Greece officially handed the Olympic flame over to organizers of the Tokyo 2020 Summer Olympics at a ceremony held behind closed doors at the Kalimarmaro Olympic Stadium in Athens while Japan faces growing pressure to cancel the games
The event was held inside the all-marble Panathenaic stadium where the first modern Olympics were held in 1896.
Today’s ceremony saw Olympic gymnastics champion Lefteris Petrounias run a lap with the flame and Olympic pole vault champion Katerina Stefanidi light a cauldron from the flame that was lit in Ancient Olympia.
Following the display in the almost empty arena, the flame was then passed to Tokyo representative Naoko Imoto, a swimmer who competed in the 1996 Olympics, by Greek actress Xanthi Georgiou.
Imoto, a UNICEF representative, was reportedly a last-minute appointment as she already lives in Greece and did not have to travel from Japan amid the crisis.
Greek President Katerina Sakellaropoulou said in a statement that the ancient Olympic values of “concord, goodwill, brotherhood…are the weapon to use” against the virus.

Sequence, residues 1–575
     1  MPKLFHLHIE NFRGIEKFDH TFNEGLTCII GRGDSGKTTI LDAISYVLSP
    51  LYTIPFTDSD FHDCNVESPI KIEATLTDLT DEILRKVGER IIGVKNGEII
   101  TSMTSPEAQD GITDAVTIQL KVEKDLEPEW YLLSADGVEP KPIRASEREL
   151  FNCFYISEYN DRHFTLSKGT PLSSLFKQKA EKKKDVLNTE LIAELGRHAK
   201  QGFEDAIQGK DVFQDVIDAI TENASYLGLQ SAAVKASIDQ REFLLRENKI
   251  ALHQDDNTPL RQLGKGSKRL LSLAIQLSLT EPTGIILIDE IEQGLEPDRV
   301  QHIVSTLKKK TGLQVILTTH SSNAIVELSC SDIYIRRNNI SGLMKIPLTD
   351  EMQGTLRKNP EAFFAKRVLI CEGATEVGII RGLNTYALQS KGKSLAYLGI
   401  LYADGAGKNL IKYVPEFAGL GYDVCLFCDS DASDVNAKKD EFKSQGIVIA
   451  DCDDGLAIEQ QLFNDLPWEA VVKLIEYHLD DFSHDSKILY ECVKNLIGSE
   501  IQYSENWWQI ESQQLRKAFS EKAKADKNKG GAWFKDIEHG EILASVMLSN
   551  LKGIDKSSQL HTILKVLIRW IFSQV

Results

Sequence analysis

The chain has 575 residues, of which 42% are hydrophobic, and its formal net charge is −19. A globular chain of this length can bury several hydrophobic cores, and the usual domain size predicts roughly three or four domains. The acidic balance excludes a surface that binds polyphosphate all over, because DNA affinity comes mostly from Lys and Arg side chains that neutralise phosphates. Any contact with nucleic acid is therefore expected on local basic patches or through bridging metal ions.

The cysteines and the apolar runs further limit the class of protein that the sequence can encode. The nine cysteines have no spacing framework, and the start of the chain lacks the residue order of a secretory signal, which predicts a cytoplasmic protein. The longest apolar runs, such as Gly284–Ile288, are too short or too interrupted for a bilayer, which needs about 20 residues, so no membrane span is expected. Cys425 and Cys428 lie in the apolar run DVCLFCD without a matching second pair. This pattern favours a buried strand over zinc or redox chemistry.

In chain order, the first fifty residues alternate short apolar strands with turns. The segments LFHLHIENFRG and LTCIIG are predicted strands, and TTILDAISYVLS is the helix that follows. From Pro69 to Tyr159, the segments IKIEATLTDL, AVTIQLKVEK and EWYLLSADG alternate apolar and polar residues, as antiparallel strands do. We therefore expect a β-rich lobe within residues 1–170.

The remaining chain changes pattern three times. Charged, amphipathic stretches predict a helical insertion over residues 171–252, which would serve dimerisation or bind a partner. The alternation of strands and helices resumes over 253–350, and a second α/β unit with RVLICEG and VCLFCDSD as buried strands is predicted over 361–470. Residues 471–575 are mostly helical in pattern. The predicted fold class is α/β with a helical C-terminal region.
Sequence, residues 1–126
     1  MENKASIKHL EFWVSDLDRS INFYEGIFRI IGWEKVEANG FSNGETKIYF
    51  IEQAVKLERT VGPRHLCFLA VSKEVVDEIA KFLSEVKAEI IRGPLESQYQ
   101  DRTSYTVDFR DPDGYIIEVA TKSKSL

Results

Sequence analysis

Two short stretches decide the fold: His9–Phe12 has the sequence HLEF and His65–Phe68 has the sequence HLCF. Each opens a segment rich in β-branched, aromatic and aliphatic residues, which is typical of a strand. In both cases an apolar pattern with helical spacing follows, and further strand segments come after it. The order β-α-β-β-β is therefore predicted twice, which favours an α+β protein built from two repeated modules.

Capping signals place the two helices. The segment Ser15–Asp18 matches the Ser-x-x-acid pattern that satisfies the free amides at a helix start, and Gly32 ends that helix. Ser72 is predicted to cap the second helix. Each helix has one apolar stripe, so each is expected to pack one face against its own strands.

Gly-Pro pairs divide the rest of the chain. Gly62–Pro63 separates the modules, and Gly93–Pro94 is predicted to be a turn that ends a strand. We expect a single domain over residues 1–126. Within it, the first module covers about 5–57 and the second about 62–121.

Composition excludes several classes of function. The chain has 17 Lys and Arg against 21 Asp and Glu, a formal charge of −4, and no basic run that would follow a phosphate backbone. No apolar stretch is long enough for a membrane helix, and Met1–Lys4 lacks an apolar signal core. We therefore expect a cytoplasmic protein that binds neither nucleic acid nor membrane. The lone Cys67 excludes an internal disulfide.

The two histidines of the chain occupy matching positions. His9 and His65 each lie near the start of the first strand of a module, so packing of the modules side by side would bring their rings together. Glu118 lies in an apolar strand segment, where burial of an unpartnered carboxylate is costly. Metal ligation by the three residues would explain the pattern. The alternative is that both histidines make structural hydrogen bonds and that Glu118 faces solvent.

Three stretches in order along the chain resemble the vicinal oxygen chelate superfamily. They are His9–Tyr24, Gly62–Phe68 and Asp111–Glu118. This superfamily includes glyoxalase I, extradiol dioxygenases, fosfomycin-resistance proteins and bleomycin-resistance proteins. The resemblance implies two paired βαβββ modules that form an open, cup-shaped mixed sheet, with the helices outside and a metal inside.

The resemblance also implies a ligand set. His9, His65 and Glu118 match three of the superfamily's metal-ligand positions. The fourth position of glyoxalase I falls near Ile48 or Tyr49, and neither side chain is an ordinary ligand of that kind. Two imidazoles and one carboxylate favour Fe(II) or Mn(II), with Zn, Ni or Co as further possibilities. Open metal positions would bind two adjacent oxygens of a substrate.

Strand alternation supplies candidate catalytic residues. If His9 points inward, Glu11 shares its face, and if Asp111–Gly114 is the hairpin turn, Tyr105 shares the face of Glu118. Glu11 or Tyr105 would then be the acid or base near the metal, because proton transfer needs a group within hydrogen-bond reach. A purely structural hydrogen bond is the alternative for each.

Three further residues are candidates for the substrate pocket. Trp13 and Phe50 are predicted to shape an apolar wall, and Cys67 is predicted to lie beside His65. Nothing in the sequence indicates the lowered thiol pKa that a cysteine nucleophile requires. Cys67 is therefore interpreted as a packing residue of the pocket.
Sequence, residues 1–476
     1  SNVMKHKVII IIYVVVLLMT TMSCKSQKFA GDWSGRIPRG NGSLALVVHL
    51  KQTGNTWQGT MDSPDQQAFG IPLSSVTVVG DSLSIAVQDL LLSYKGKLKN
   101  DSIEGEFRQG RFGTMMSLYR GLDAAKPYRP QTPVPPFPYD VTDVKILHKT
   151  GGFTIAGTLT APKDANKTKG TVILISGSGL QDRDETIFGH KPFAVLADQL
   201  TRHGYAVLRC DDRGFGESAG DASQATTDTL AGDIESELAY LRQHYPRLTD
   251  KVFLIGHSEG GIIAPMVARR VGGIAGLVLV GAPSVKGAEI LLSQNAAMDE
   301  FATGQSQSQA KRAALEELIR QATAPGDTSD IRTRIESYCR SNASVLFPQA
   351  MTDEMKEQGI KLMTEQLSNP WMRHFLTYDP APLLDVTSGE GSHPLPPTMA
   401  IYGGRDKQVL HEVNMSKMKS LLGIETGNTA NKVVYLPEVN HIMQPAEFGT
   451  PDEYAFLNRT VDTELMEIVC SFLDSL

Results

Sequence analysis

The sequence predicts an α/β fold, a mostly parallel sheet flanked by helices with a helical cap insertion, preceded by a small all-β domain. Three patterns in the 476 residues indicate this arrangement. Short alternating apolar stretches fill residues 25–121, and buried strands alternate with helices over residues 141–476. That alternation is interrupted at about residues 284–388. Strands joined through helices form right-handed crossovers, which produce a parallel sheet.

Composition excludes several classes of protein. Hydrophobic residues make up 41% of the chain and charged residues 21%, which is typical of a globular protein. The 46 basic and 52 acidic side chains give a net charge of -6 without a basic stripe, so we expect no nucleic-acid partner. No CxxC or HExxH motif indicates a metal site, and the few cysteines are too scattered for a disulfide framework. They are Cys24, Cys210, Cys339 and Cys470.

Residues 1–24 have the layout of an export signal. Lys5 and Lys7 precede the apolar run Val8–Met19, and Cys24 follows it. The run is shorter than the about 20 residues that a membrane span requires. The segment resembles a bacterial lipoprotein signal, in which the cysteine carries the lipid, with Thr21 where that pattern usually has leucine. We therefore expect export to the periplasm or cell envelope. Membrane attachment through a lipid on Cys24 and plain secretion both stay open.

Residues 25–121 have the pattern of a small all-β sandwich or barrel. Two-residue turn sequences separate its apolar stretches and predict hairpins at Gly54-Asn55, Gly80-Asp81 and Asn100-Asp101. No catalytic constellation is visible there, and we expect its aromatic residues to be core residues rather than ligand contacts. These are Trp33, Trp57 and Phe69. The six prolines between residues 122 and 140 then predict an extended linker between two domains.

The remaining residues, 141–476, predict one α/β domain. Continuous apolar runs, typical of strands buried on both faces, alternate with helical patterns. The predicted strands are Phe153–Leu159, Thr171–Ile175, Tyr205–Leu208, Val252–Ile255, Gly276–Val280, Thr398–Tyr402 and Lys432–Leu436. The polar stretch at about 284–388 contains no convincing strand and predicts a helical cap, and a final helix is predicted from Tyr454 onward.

Last week’s flame lighting ceremony in Ancient Olympia was also carried out without spectators.
Addressing Japanese organizers absent from Thursday’s ceremony, Greek Olympic Committee Chairman Spyros Kapralos, said: “Regretfully the COVID-19 outbreak made us take hard decisions and change our initial plans. We deeply regret that you… were not able to travel to Greece and join us here today.”
Authorities decided to cancel the torch relay’s Greek leg after a crowd mobbed Hollywood actor Gerard Butler at a cauldron lighting ceremony in Sparta last week.
COVID-19 has infected more than 200,000 people worldwide and caused more than 8,000 deaths in 150 countries and territories.
Greece has reported six confirmed deaths as of Thursday.
Most major sporting events across the world have been rescheduled or scrapped as a result of the pandemic, and doubts are increasingly being expressed about holding the Olympics in its current slot.
But the International Olympic Committee says it is “fully committed” to beginning the Games on July 24 as scheduled.
Top athletes have warned that their training regimens have already been impaired by the pandemic and that they would be taking health risks should the Games go ahead.
Pole vault champion Stefanidi is among prominent athletes to have voiced concern at the IOC’s insistence on holding the Games.
“The IOC wants us to keep risking our health, our family’s health and public health to train every day?” she tweeted this week. “You are putting us in danger right now, today, not in 4 months.”